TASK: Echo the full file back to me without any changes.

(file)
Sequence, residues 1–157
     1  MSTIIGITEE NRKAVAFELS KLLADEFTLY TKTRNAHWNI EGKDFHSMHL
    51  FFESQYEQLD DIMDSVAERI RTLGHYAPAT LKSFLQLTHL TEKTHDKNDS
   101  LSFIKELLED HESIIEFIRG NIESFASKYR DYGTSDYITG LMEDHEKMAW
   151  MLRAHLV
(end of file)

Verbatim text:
Sequence, residues 1–157
     1  MSTIIGITEE NRKAVAFELS KLLADEFTLY TKTRNAHWNI EGKDFHSMHL
    51  FFESQYEQLD DIMDSVAERI RTLGHYAPAT LKSFLQLTHL TEKTHDKNDS
   101  LSFIKELLED HESIIEFIRG NIESFASKYR DYGTSDYITG LMEDHEKMAW
   151  MLRAHLV